Down the final hallway of the Govett-Brewster Gallery, we can’t help but notice the long line of shadows moving back and forth along the curved walls, or the fact that there is a sound of, what Laura thinks, is whipping bamboo sticks together. On the other hand, Robin reckons it’s a giant octopus slamming some Chinese chop sticks together in preparation to eat us…

Around the corner, the Len Lye’s Four Fountains are revealed! These are “fountains” of metal rods bunched together and swaying around in unison, hitting each other to make a snapping noise before moving in the opposite direction. The shadows cast around the room are amazing to see, especially as each fountain increases in size. If the giant Wind Wand we saw on the Coastal Walkway wasn’t enough, this kinetic exhibition right here is what the fuss is all about with Len Lye. The dude is like a Swiss army knife of art and the reason such a diverse centre has been built around his work: from showcasing his films, his photographs, his poems and his kinetic sculptures.

We leave the art gallery pretty buzzing by this whole New Plymouth art experience we never would have guessed we would have had in New Zealand. Sure, we have visited New Zealand’s cities with an art reputation in the past, such as Wellington and Christchurch, but New Plymouth surely has to be dubbed the “Art Capital of New Zealand”. In honour of that and the fact that all backpackers like free stuff, we’re giving away a Govett-Brewster Art Gallery/Len Lye Centre goody bag. See at the bottom for details!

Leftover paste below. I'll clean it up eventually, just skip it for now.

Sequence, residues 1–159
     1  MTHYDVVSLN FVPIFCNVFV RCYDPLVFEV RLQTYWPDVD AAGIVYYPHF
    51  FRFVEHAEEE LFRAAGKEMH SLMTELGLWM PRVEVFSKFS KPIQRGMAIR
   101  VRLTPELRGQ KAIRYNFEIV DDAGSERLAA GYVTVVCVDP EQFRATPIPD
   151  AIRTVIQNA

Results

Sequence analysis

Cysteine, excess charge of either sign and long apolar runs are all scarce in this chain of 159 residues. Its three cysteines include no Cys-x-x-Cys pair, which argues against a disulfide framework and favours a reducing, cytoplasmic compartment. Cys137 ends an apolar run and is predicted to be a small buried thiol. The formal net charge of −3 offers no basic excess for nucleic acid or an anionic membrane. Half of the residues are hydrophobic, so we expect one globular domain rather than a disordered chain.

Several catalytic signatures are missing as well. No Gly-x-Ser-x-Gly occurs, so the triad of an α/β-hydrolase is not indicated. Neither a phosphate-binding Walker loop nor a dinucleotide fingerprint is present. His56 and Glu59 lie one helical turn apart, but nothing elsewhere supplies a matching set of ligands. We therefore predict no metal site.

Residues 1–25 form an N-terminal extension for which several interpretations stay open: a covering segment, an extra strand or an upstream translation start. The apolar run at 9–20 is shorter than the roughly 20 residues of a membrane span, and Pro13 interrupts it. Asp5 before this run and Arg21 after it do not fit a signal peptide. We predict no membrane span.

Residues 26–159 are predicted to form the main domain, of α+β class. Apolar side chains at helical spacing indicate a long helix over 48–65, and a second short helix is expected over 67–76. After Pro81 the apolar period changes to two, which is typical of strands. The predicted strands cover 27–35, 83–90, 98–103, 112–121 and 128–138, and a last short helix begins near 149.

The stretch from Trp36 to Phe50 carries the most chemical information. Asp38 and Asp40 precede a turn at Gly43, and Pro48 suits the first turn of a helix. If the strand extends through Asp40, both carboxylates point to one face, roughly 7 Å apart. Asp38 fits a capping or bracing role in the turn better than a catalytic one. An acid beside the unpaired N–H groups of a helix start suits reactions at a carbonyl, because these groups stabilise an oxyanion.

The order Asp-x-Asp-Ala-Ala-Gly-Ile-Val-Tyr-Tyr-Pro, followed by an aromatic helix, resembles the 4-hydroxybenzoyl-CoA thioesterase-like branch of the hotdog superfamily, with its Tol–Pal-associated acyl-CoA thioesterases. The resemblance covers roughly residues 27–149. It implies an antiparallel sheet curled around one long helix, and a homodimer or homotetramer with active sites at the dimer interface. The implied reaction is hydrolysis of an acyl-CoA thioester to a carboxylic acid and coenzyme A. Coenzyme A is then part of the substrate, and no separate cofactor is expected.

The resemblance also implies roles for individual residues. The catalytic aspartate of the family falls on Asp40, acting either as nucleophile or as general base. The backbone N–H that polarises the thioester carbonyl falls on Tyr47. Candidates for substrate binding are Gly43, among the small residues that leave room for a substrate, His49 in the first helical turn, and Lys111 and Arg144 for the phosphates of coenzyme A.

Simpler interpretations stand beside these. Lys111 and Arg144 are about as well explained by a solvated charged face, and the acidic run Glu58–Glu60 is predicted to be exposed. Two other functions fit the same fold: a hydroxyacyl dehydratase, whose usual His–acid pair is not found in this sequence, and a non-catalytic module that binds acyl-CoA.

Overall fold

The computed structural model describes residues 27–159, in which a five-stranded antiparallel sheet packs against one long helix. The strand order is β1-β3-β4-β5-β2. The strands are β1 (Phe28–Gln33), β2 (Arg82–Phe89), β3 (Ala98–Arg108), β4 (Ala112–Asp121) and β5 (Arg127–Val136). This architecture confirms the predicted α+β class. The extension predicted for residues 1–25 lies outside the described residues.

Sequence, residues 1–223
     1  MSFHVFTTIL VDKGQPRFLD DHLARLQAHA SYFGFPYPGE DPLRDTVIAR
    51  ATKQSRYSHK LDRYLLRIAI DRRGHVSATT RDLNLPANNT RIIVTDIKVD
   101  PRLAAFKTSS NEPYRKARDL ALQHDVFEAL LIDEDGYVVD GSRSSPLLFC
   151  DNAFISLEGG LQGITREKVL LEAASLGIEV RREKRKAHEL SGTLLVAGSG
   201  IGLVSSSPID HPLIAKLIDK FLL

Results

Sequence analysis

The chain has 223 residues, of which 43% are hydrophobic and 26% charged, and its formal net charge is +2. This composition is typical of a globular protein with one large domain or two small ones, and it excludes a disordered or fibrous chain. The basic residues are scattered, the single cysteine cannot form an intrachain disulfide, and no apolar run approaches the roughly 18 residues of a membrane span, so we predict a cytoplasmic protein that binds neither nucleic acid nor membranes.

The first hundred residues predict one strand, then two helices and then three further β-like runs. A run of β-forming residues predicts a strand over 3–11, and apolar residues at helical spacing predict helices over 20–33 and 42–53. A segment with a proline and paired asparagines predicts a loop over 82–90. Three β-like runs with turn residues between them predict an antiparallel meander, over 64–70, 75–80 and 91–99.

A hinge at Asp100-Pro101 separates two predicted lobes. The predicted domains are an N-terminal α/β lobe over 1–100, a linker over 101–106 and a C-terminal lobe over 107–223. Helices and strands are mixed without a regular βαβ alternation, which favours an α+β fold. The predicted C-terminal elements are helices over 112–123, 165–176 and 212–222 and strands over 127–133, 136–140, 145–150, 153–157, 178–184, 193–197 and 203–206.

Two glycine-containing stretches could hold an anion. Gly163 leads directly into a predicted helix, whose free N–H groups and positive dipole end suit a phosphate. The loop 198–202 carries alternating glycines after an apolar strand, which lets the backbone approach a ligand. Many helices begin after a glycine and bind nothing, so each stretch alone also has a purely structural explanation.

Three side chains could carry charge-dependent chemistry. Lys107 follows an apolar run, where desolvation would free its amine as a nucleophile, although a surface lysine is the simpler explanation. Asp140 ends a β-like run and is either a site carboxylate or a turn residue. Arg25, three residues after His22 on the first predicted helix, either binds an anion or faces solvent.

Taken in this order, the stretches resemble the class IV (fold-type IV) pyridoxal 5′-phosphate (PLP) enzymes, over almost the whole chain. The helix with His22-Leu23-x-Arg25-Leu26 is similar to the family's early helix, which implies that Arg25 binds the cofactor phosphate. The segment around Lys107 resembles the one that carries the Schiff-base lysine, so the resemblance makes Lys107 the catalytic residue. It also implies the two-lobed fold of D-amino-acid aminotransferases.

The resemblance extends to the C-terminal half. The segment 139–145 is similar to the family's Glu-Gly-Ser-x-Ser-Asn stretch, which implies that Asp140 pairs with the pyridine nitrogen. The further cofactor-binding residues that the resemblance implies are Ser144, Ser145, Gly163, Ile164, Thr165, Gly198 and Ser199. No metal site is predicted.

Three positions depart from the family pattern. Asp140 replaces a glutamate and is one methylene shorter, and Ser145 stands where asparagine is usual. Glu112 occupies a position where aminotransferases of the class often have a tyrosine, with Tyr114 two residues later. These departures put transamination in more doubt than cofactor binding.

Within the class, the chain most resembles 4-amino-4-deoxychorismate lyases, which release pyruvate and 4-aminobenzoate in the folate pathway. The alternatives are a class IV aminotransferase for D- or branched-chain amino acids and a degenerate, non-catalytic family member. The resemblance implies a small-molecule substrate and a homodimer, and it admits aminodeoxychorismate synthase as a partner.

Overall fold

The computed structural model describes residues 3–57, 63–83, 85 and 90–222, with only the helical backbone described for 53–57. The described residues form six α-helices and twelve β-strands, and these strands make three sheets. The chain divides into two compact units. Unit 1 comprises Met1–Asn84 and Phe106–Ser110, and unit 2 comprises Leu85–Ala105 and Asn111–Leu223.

Tomorrow, we’re heading on a trip to Back Beach and Paritutu Rock. Join us then!

Laura and Robin

Take a look around the Len Lye Centre
Take a look around the Len Lye Centre Spherical Image - RICOH THETA

Giveaway info!

We were given two awesome arty goody bags at the Govett-Brewster Art Gallery, so we’re giving one away! Just comment on this Facebook post, with a cool piece of art that you’ve found in New Zealand to be put in the draw. The winner will be announced by the end of the week by being contacted on Facebook.

Legal bit: The giveaway is in no way sponsored, endorsed or administered by, or associated with Facebook.

We’re always here to give more! Check out these articles to tickle your backpack straps:

Plus, join us on HerePin for local recommendations and good times.